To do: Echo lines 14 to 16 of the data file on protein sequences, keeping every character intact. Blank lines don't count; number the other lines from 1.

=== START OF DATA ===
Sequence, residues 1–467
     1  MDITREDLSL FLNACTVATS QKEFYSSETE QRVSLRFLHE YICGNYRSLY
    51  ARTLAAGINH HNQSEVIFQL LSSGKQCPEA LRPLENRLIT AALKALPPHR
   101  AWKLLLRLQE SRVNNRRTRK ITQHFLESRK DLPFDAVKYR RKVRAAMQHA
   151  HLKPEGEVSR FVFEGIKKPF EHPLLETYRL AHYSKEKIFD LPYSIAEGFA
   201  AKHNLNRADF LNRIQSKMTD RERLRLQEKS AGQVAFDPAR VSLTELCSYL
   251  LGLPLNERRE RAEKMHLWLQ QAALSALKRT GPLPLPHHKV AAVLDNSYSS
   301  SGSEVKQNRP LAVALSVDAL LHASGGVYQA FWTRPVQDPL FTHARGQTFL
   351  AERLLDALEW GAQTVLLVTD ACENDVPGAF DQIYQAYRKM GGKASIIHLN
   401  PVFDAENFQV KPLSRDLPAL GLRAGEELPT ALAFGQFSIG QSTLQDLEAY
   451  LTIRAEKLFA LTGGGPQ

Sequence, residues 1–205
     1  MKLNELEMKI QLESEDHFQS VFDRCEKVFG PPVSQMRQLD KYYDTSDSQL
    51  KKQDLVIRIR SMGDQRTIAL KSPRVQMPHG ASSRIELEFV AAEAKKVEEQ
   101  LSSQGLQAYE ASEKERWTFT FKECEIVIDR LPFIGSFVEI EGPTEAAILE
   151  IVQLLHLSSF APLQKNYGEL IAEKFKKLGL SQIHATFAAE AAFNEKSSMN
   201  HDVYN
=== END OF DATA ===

    51  KKQDLVIRIR SMGDQRTIAL KSPRVQMPHG ASSRIELEFV AAEAKKVEEQ
   101  LSSQGLQAYE ASEKERWTFT FKECEIVIDR LPFIGSFVEI EGPTEAAILE
   151  IVQLLHLSSF APLQKNYGEL IAEKFKKLGL SQIHATFAAE AAFNEKSSMN